06 July 2015
Left groups in the Philippines, including the Partido Manggagawa (PM), greeted the jubilant Greeks for casting a historic vote against the third austerity package that is going to be imposed upon them by the International Monetary Fund (IMF), the European Central Bank (ECB) and the European Commission (EC) or what is commonly referred to as the “Troika”.
“The Syriza government should be congratulated for subjecting a major economic agenda to a political decision via a referendum where people can directly express their position to the issue. And now that the great majority of the Greeks voted in clear defiance of the troika, the European Union (EU) is faced with a fundamental question on whether to push further with austerity measures decided by the banks and a small circle of UE technocrats, or yield down to democracy which principles also formed the basis of European integration,” said PM spokesman Wilson Fortaleza.
Fortaleza said the Greeks voted “no” despite their full knowledge of the consequence that there shall be no IMF/EU rescue money coming to Greece after their rejection of the bailout package, “Yet they have solidly defied the blackmail as they believed the new bailout package imposes the same program of deep budget cuts and more taxes while the country plunges deeper under the mountain of unpayable debts.”
The Greek people have been fighting the Troika-imposed austerity measures since 2010 as the country battled against the highest unemployment rate in Europe and the collapse of its welfare system. At least 25% of the labor force is unemployed, with more than 50% belonging to the youth. The price of education also soared, the cost and quality of healthcare significantly suffered, while the elderly keep a long wait for unreleased pensions.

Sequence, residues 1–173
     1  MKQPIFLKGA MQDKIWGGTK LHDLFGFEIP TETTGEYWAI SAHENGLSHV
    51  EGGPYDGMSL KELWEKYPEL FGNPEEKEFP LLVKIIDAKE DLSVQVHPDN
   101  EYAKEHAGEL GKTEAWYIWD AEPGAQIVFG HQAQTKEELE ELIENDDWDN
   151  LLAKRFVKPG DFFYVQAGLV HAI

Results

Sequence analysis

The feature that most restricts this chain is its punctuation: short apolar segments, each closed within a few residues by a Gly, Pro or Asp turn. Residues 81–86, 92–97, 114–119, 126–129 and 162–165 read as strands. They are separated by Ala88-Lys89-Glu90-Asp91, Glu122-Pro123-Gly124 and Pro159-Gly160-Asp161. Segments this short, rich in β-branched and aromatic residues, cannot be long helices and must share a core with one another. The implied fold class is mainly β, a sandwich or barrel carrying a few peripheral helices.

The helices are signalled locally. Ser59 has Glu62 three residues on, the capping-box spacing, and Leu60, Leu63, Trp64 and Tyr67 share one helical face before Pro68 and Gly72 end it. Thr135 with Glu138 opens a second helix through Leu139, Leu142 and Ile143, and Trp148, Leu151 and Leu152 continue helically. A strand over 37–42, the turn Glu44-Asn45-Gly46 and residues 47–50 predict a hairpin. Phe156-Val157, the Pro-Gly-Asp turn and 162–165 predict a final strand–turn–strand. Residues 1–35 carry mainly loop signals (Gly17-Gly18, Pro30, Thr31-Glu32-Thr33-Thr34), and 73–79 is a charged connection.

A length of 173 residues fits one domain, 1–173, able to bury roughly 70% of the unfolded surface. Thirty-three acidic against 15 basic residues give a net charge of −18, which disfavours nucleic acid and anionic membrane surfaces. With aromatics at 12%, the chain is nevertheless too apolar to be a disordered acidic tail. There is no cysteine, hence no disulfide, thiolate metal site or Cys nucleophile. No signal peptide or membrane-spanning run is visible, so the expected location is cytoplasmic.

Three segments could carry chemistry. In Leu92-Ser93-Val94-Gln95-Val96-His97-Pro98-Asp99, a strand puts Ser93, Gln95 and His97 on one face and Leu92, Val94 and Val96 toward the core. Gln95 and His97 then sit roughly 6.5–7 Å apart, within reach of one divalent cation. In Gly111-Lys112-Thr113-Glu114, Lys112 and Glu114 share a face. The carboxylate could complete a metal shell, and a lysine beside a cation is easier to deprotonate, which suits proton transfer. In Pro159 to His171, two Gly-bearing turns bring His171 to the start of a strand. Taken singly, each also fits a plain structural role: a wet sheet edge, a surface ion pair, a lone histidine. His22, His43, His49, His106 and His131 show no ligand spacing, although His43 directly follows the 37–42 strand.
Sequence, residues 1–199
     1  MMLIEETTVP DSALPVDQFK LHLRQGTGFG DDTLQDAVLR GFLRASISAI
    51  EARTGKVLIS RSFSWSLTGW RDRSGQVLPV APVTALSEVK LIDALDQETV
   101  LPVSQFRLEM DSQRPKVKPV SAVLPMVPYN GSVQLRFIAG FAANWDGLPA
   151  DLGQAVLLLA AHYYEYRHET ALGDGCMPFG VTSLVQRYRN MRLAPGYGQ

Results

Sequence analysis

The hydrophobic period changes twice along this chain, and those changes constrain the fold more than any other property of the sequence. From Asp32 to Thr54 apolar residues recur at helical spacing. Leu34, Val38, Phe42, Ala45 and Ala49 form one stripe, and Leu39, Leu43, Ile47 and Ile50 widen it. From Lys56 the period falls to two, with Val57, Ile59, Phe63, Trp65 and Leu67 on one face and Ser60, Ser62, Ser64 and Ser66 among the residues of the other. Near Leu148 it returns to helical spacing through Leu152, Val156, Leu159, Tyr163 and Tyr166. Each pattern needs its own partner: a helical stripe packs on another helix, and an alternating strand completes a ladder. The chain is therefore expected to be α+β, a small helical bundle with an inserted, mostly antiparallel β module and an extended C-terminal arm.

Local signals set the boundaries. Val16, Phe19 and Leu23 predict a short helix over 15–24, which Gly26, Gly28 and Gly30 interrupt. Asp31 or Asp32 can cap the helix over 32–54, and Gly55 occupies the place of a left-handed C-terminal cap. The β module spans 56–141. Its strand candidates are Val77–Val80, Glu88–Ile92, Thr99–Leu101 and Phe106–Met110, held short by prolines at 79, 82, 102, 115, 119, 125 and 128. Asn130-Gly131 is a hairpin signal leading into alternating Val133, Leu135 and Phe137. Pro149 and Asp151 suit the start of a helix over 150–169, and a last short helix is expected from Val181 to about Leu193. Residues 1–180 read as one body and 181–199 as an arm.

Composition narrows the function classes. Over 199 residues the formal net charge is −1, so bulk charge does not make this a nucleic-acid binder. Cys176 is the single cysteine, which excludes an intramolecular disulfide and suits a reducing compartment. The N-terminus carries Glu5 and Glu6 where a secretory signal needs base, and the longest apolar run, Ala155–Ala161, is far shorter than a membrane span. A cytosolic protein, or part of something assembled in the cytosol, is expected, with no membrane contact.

The general rejection of anti-austerity measures led to last year’s election of a left coalition party Syriza under the leadership of Alexis Tsipras.
But for Partido Manggagawa, the Troika’s unyielding stand against Tsipra’s counter proposals for debt condonation, no new taxes and the revival of basic public spending programs, is not meant for the Greeks alone as it also showed how the EU would deal with other EU countries facing the same debt problems such as Italy, Spain, Ireland and Portugal. Anti-austerity movements are also growing fast in these countries and in other parts of Europe.
“Clearly the Syriza victory last year and the Greeks’ popular rejection of IMF bailout is something that the Troika wouldn’t consider as a triumph of democracy but more as a threat to their hegemony,” said Fortaleza.
The Philippine left could easily connect with the issued faced by the European people as the country had also been battered by IMF-imposed policies since the 80’s. It was the IMF that imposed the policies of deregulation and privatization of public utilities which led to the escalation of prices of basic services in the country.